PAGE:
Bill Collins gives us the latest news from the hi-tech percussion world
Not a fantastic amount happened of interest to us Rhythmists at this years British Music Fair. In fact it was only really Roland that had any new products at all in this area.
For R-8 and R-5 owners, a new batch of seven sound cards which cover everything from Sound Effects to Jazz, Ethnic, Electronic and Contemporary percussion. Price for these cards - about £45. If R-8s and R-5s are a little out of your reach then they also have a smaller unit for those on a more restricted budget.
The Pad-5 (or Handypad as it's also known) features five assignable velocity-sensitive pads plus 14 preset rhythms all for just £159.
A great start to a song is an inventive drum break. The "pattern" can then be returned to within the song in different versions appropriate to kicking off a middle eight or a dramatic vocal. Use our suggested patterns as catalysts for your own percussive compositions.
I've had a number of enquiries about how to go about setting up a computer based drum kit. There are certainly no off-the-shelf solutions so it does pay a little thought and planning. What companies like Simmons have strived for is the complete drum computer in a single box but there's no reason why you shouldn't wire up your own "kit".
The "kit" consists of three components: input, processing and output. These correspond to pads, computer and sound module.
Pads are the natural "input device" for the percussionist. You can choose from a range starting with the economical Yamaha pads (which have their own sounds too) and going up to Argent's Kat system. Bear in mind that your computer software will provide the processing power. What you are looking for in pads are old fashioned features such as feel and response. Perhaps your conventional kit could perform the role of pads? Indeed it can via "bugs" which are applied to the kit and send a MIDI "message" to the computer when the skings are hit.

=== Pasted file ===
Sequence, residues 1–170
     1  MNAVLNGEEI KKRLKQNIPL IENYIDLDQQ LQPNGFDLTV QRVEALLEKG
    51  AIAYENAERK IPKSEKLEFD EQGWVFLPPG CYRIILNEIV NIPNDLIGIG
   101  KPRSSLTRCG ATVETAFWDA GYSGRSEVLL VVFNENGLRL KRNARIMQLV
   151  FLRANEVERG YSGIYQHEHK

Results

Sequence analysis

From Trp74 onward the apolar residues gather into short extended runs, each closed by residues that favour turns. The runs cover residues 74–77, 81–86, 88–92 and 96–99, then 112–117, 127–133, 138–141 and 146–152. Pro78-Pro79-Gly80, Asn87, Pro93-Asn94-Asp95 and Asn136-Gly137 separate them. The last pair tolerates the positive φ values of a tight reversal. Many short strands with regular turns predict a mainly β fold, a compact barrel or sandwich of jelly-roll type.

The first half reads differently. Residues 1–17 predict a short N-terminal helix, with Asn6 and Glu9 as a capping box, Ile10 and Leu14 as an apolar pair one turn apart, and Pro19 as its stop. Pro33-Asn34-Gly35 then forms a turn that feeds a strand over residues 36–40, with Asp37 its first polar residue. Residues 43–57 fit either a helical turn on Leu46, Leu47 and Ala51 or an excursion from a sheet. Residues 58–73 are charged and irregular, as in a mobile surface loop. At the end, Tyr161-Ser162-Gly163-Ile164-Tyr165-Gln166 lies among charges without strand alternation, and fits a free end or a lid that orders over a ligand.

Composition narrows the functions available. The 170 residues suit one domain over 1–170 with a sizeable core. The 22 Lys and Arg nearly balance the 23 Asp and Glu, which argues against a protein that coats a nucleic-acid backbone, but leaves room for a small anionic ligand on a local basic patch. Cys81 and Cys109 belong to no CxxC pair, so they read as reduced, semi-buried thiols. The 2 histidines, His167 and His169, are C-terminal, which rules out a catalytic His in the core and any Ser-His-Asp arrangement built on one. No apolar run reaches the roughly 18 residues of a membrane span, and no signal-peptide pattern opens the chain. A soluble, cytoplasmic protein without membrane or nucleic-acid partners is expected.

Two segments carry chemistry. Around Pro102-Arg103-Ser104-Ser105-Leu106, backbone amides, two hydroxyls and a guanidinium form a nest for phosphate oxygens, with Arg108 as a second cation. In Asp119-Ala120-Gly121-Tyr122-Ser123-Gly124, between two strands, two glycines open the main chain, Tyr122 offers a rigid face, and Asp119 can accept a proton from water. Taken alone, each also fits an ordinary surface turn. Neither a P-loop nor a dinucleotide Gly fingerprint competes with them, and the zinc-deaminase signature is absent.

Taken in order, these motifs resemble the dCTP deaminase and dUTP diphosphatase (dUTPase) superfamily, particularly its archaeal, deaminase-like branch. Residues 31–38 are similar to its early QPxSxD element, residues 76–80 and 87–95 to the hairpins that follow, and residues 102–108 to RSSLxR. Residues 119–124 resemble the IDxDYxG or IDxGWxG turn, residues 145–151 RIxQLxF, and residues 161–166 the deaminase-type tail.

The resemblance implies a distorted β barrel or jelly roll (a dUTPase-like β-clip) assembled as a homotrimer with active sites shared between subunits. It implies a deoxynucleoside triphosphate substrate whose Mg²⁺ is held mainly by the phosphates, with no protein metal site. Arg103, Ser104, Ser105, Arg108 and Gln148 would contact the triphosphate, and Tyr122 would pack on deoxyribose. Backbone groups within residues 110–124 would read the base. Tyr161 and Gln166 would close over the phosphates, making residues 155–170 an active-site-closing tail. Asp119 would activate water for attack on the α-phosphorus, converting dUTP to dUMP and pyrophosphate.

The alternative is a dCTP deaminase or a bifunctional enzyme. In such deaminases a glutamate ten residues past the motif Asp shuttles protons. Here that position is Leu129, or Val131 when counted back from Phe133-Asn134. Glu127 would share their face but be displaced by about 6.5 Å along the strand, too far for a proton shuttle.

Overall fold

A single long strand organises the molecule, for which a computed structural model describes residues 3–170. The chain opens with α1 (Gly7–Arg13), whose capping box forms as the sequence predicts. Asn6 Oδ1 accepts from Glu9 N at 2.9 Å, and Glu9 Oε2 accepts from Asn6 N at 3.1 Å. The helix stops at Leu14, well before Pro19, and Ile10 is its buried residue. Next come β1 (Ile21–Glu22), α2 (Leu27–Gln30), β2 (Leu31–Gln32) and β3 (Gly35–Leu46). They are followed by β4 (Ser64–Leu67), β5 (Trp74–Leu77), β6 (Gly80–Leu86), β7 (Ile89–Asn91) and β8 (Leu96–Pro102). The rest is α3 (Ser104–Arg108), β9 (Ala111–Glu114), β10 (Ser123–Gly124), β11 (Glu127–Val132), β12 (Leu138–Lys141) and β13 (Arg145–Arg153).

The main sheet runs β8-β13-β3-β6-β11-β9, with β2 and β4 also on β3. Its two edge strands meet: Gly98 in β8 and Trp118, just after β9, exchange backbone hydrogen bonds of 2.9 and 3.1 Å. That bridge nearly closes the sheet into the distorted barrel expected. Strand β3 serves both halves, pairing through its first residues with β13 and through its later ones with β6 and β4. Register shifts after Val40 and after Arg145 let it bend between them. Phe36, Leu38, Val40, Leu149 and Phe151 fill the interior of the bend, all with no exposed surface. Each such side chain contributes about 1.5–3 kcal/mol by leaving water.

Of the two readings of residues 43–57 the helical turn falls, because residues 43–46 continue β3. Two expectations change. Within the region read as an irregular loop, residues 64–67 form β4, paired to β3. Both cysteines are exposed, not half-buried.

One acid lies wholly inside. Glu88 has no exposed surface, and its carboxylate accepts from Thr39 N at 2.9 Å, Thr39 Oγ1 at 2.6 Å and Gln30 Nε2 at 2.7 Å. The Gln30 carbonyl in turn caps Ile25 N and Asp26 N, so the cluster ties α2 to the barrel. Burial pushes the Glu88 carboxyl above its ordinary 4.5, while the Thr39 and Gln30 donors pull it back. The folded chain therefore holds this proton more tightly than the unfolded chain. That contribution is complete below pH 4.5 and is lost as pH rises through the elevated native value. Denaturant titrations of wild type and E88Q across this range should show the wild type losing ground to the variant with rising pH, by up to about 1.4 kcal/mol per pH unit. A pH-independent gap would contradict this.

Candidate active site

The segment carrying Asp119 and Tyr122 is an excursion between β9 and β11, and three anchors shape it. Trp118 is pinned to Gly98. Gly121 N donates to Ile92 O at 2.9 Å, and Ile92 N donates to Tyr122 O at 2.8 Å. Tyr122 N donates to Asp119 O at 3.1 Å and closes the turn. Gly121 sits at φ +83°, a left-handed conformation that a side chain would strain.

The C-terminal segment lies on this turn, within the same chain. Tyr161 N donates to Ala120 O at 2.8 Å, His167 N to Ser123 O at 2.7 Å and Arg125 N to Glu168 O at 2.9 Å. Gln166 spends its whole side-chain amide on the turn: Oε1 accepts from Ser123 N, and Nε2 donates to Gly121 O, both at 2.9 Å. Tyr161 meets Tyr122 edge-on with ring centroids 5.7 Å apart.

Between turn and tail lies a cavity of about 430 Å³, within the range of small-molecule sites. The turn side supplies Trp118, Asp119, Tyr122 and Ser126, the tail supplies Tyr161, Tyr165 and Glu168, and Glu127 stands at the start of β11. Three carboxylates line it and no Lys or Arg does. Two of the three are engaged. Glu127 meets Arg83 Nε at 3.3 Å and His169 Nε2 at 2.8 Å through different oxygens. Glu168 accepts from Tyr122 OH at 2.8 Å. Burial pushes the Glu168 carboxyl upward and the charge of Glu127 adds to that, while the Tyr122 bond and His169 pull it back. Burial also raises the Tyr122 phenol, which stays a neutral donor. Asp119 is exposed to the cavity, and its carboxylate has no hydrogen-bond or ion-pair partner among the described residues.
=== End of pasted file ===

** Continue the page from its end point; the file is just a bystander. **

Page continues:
The computer needs to be equipped with a MIDI interface and suitable software. What's suitable for a drummer? Firstly a drum machine in software, something like MIDIDRUMMER for the Atari ST described last month. This lets you program patterns of notes and to join those patterns into song length percussion pieces. A good program should be expected to deliver full MIDI control, ease of use and entry from keyboard/mouse and pads/drums.
Kit drummers find variety in the sounds their instruments make by changing the tensions of drumheads, damping resonance and by subtle changes in the weight of playing. The variations are infinite. However the number of sounds available in a sound module such as the new Roland units is restricted by capacity. The sounds however are of very high quality. If you wish to customise your own sounds then you will want to get into sampling, both of conventional percussion instruments and other sounds that take your fancy. These sounds are then held in computer memory for use by your program.
I was recently reminded that human feel is still in the ascendent by Swing Out Sister's new album. The first three tracks "swing" to a great ride cymbal sound in the deliberately fostered sixties style but come track four and you just know that a machine has taken over.
One way of overcoming this, and one also used by Swing Out Sister, is to mix the computer drum pattern with some real percussion. SOS use Latin and orchestral instruments to fill out their rich melodic sound.
Your drum programming may be the basis upon which a song is built by other musicians but that needn't be the end of your creative input. It's always a good idea to go back to the song at a later stage to see how it has developed and to add or remove passages and sounds as has become appropriate.
In the great days of jazz drumming famous practitioners of the art like Buddy Rich and Gene Krupa took part in drum battles. No, not some thing reminiscent of a Who concert but each drummer in turn playing a breathtaking solo. You could never say that one drummer or the other had "won" although every other drummer had their own idea of who was best.
The Rhythm Section hereby announces the modern relaunch of the drum battle - with your micro on the podium and you af the controls. All you have to do is send in an (up to 30 seconds) audio tape of a percussion solo developed on a sequencer, drum machine, from MIDI pads or sampled Simmons. We'll be judging your solos on originality as well as technical competence. Results in a couple of issues time. The prize? Oh just wait and see!
Feature by Bill Collins
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